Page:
From the community

Butler Head Conservation Easement Implemented

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Posted March 31, 2014, at 1:37 p.m.

141 acres protected on Merrymeeting Bay in North Bath after survey completed and conservation easement signed

Butler Head Preserve, a 141-acre woodland site owned by the City of Bath, is now in a conservation easement held by the Kennebec Estuary Land Trust (KELT). The property off Varney Mill Road in North Bath protects 4,285 feet of shoreline on Merrymeeting Bay, Butler Cove and West Chops Point.

Bath City Manager William Giroux and Jack Witham, president of the KELT Board of Directors, signed the legal agreement in early March, just over a year after the Bath City Council approved the easement. A survey establishing the legal acreage to be protected was completed in late February, the last step before finalizing the easement.

The Butler Head project, a collaborative effort of the City of Bath, the Bath Community Forestry Committee (BCFC) and KELT, protects and preserves in perpetuity the land’s wildlife habitat and natural features, and provides for public enjoyment of low-impact outdoor recreational opportunities and the scenic views of the land and the adjacent waters.

“This is a major accomplishment for the City of Bath and the conservation effort of the BCFC to preserve and protect our forested lands,” said Elizabeth Haskell, chair of the BCFC.

Six years ago a “Forest Ecosystem Management Plan for Butler Head and Whiskeag Woods” was developed, cataloguing the known flora and fauna, geological features and other special characteristics of the Butler Head parcel. “With the property protection of the conservation easement we can now be sure that the objectives of the management plan can be met,” said Haskell.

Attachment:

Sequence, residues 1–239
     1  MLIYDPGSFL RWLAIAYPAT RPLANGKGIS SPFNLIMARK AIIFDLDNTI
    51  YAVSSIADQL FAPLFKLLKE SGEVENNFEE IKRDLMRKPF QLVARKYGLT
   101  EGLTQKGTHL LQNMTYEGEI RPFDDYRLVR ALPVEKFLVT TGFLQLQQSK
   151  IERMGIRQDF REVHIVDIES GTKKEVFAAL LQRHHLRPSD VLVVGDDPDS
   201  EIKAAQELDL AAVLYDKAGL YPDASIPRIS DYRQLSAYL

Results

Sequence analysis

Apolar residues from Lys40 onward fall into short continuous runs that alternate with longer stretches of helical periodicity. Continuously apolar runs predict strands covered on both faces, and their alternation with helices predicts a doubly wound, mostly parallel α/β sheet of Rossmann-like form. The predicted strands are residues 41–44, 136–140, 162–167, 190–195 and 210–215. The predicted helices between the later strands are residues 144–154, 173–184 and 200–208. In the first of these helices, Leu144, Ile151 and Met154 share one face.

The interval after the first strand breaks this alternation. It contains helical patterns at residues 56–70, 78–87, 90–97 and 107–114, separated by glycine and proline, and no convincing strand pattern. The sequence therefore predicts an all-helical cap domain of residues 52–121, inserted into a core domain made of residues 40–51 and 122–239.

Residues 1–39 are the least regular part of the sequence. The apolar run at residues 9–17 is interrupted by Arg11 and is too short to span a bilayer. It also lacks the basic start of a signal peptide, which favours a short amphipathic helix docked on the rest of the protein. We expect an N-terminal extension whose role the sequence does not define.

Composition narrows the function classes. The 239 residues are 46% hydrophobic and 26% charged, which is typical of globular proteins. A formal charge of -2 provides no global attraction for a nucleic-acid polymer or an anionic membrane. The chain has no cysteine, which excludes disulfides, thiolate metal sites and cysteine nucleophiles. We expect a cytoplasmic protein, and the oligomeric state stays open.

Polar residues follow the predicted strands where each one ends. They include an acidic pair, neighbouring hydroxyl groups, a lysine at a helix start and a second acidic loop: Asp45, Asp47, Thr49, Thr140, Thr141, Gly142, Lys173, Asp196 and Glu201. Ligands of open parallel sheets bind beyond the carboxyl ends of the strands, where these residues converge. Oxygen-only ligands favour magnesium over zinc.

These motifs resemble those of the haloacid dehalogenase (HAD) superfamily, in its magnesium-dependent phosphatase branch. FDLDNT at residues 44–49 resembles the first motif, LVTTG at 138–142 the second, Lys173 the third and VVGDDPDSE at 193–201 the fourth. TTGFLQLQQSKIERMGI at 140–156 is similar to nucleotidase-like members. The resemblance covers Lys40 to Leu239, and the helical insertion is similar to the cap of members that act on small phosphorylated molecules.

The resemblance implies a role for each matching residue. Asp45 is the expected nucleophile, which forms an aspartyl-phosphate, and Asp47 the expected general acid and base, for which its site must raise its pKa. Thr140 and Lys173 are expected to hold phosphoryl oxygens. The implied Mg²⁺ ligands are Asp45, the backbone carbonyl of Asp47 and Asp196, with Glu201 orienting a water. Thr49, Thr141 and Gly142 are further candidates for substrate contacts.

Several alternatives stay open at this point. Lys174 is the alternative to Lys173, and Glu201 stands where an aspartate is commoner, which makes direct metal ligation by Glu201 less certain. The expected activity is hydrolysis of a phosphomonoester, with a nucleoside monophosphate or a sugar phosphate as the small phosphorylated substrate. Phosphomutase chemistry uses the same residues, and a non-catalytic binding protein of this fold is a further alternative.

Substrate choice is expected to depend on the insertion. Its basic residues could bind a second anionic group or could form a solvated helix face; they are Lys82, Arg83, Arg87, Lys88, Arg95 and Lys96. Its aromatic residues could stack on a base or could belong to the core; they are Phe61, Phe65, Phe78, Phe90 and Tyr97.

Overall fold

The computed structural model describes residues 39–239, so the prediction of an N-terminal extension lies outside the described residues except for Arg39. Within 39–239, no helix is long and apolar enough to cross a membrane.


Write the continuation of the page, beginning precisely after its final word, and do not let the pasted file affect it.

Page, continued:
The primary management goal at Butler Head is to restore the natural species and habitat diversity of the forested areas and conserve the shoreland and watershed protection values. The plan’s vision looks 50 years into the future to a Butler Head Preserve that is “a protected wetland ecosystem and well-managed, ecologically mature and developing intermediate upland forest that comprises mainly long-lived and late-successional species interspersed with young-forest patches to provide a diversity of plant and wildlife habitat.”

Butler Head is a work in progress, noted Bath City Arborist Tom Hoerth. “It’ll be years before we reach our goals, but it’s a great situation for forestry education programs,” like the maple sugaring project Hoerth has been working on with Morse High School students over the last three years.

“BCFC is the steward of Butler Head Preserve and it is our responsibility to plan now for the future,” said Tom Barrington, longtime committee member. “It’s critical that we work to protect the watershed and that’s why we sought a conservation easement with KELT.”

Managing a forest means considering timber management, wildlife habitat, soil erosion, global warming, invasive species, recreational use, vernal pools, and wetlands. “We want Butler Head to be not just a hiking spot, but also an ongoing educational resource if we’re going to save the forests for generations to come,” said Haskell.

The Kennebec Estuary Land Trust is a membership supported organization dedicated to protecting the land, water and wildlife of the Kennebec Estuary. It maintains nine preserves for public enjoyment and has protected over 2500 acres of land since founding in 1989. FMI contact www.kennebecestuary.org or call (207) 442-8400.

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